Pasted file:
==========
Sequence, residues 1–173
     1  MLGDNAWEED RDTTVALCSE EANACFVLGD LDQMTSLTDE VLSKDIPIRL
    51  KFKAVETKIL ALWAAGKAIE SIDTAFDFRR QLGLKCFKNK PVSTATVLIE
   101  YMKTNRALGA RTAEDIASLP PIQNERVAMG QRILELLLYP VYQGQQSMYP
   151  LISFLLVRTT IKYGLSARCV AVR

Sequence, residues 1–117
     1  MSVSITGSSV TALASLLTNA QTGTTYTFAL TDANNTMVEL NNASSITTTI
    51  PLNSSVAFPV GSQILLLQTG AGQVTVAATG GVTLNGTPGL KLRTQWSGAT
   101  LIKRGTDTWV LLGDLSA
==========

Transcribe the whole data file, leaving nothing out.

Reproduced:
Sequence, residues 1–173
     1  MLGDNAWEED RDTTVALCSE EANACFVLGD LDQMTSLTDE VLSKDIPIRL
    51  KFKAVETKIL ALWAAGKAIE SIDTAFDFRR QLGLKCFKNK PVSTATVLIE
   101  YMKTNRALGA RTAEDIASLP PIQNERVAMG QRILELLLYP VYQGQQSMYP
   151  LISFLLVRTT IKYGLSARCV AVR

Sequence, residues 1–117
     1  MSVSITGSSV TALASLLTNA QTGTTYTFAL TDANNTMVEL NNASSITTTI
    51  PLNSSVAFPV GSQILLLQTG AGQVTVAATG GVTLNGTPGL KLRTQWSGAT
   101  LIKRGTDTWV LLGDLSA